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To: Sopater
I suppose "Gaydar" is only allowed to be used by those who hope to gain from it...

From the Inside Flap

Gaydar is a must-have for those thousands (maybe millions) of hapless gay men and unwary straight women who?ve encountered such embarrassing revelatory moments as, ?Oh, I thought you were . . .? or ?Oh, I didn?t know you were . . .? or the ever-popular ?But isn?t he married?!? and so on.

According to author Donald F. Reuter, gaydar is the telepathic sixth sense that only gay men?and the occasional ultra-savvy straight person?seem to possess. But ultimately, its main function is to help gay men recognize one another in situations involving the general straight population.

Beautifully illustrated throughout by the author, Gaydar is divided into ten gay sections, including everything from gayspeak to gaywork to gayhouse to gaysport, and much more. Gaydar takes a playful look at the ins and outs of gay life while serving as an indispensable guide to shopping, traveling, nightclubbing, dining, working, and what it means to be ?part of the team.?

If you?re the average straight reader, don?t expect miracles, but if you?re willing, this book will help you discover innate perceptive skills long buried in the gay parts of your mind and body. Now, if you?re gay, you?ll be certain to find Gaydar the perfect companion for honing your gaydar sensors, rediscovering old tricks?and even finding some new ones. --This text refers to an alternate Hardcover edition.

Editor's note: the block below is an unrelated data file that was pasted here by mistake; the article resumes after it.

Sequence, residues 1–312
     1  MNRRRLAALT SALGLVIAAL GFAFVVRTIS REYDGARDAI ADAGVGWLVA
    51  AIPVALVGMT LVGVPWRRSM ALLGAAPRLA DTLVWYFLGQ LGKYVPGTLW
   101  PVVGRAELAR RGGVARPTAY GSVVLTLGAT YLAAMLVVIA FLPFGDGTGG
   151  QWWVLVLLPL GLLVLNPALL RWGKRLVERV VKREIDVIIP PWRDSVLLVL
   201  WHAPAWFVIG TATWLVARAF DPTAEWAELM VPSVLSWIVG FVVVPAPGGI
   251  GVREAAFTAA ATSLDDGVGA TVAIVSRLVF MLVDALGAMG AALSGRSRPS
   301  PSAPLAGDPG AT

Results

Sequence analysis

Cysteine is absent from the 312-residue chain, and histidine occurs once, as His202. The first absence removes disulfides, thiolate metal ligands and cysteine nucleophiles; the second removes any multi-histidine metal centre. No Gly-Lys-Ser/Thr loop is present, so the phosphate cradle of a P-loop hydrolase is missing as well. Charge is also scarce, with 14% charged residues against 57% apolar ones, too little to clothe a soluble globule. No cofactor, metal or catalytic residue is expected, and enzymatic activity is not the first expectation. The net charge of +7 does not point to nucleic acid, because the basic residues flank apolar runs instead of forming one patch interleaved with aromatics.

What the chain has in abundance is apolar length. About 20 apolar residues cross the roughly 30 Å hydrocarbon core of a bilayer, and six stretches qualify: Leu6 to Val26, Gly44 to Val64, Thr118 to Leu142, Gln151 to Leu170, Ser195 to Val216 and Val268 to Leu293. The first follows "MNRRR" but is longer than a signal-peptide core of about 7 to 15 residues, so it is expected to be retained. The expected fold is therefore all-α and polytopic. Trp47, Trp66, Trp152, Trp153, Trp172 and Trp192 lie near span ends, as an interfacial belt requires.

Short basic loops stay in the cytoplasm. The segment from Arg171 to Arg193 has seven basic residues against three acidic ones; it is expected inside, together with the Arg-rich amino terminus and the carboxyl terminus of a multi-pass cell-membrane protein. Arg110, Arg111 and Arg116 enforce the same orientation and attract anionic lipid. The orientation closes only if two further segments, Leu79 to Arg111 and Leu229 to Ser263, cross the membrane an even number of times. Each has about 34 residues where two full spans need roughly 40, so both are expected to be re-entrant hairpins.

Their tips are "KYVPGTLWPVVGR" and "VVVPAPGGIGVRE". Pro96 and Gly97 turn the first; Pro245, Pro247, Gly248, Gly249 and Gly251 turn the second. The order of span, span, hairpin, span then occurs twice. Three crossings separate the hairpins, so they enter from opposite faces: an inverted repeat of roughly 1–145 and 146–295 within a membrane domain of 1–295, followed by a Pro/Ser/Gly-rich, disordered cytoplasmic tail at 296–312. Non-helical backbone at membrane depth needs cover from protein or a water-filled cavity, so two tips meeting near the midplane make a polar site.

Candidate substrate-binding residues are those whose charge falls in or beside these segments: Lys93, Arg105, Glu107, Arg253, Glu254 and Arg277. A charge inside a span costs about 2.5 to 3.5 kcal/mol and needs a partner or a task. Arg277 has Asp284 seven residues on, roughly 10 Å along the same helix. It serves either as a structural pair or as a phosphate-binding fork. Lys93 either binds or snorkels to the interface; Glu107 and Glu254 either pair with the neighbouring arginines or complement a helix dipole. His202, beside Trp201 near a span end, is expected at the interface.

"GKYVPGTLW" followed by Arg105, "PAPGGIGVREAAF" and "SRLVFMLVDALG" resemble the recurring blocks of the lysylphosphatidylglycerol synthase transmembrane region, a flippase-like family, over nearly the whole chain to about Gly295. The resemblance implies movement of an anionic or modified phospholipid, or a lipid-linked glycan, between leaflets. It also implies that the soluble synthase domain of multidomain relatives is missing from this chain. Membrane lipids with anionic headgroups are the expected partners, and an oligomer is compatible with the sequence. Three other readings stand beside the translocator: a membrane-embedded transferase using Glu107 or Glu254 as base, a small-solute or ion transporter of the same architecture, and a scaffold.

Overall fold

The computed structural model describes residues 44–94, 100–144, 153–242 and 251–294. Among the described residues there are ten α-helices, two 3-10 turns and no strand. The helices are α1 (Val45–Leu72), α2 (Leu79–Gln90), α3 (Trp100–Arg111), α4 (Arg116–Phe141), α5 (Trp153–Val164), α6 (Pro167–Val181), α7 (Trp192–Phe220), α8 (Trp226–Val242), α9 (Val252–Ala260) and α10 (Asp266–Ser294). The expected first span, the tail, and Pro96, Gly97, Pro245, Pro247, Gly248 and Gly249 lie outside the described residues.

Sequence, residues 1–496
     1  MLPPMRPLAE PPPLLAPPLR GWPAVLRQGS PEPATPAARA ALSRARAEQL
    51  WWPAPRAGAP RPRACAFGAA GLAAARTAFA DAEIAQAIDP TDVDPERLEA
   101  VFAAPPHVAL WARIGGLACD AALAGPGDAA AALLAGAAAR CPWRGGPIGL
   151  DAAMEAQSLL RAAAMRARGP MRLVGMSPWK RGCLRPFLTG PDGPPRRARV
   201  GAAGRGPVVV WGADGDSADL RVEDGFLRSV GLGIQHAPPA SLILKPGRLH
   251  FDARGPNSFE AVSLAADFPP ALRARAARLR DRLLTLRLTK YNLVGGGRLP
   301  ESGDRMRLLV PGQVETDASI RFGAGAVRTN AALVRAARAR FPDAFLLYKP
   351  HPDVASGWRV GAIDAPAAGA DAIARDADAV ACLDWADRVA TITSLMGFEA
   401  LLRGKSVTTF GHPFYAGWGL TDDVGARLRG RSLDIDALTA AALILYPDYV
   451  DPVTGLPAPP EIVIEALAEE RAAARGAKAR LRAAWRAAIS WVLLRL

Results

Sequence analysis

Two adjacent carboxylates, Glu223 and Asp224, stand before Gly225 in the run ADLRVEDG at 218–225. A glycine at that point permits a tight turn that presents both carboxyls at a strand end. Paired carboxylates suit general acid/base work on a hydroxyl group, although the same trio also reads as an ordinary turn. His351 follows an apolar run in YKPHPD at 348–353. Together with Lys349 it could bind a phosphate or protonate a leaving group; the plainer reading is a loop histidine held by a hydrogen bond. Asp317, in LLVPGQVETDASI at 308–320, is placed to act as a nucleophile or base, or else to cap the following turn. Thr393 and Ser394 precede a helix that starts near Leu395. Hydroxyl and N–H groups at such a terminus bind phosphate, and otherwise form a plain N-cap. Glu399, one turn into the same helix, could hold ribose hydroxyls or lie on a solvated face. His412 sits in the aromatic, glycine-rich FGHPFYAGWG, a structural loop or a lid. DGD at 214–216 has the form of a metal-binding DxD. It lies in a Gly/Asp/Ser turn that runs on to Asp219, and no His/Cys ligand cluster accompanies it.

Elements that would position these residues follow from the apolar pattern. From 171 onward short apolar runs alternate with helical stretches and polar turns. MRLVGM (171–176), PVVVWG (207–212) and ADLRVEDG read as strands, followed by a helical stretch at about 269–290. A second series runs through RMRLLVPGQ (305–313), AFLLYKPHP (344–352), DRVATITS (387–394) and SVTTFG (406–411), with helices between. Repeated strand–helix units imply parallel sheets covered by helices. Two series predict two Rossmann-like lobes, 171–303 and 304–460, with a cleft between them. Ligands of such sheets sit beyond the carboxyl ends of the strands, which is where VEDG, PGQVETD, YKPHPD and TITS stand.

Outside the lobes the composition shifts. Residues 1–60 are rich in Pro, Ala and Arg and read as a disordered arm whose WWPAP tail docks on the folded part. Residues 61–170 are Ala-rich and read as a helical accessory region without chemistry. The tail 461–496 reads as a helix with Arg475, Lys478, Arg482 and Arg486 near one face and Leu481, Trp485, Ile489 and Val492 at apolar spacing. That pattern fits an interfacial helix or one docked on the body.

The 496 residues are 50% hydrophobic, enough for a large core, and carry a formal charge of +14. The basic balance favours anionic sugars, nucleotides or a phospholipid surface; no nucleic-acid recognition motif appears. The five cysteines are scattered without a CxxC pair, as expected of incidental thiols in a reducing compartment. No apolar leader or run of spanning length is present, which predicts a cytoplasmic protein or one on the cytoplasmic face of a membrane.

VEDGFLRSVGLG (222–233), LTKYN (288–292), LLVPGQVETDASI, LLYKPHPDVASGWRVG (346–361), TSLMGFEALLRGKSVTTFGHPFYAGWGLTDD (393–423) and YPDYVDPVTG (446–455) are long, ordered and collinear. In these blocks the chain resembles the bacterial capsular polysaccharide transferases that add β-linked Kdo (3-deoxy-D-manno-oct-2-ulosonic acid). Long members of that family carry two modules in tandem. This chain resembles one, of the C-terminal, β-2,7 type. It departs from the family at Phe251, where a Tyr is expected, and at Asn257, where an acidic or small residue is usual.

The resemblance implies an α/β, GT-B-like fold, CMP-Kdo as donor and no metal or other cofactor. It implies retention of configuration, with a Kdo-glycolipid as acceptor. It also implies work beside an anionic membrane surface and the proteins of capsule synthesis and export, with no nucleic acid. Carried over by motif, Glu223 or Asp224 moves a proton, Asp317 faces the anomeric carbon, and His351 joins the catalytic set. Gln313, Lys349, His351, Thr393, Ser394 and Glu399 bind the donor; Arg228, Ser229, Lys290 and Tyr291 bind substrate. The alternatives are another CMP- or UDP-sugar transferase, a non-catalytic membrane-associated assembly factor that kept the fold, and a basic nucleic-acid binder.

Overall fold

5 posted on 09/15/2015 7:38:10 AM PDT by Sopater (Is it not lawful for me to do what I will with mine own? - Matthew 20:15a)
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To: Sopater; onyx; Hunton Peck; Diana in Wisconsin; P from Sheb; Shady; DonkeyBonker; Wisconsinlady; ...

UW Madison conducts study on “gaydar”. Why?

FReep Mail me if you want on, or off, thooois Wisconsin interest ping list.

6 posted on 09/15/2015 7:41:06 AM PDT by afraidfortherepublic
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To: who_would_fardels_bear

I think the study failed to properly define its terms. I’ve always heard ‘gaydar’ used in context of social interactive behavior (and haven’t heard it used much even then). Thinking you can tell who is homosexual from a portrait type photo seems unlikely.

7 posted on 09/15/2015 7:47:55 AM PDT by conejo99
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To: conejo99

A still photo would be unlikely to bear the clues. It’s actions that bear the clues.

8 posted on 09/15/2015 7:50:01 AM PDT by HiTech RedNeck (Embrace the Lion of Judah and He will roar for you and teach you to roar too. See my page.)
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To: Sopater

9 posted on 09/15/2015 8:26:40 AM PDT by Old Sarge (I prep because DHS and FEMA told me it was a good idea...)
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To: conejo99

One look at Shepherd Smith or David Hyde Pierce and we’re not going to suspect? And “suspect” is the operative term. Like a blip on a Radar screen, Gaydar only tells you something’s there that’s a little bit queer.

10 posted on 09/15/2015 8:55:58 AM PDT by katana (Just my opinions)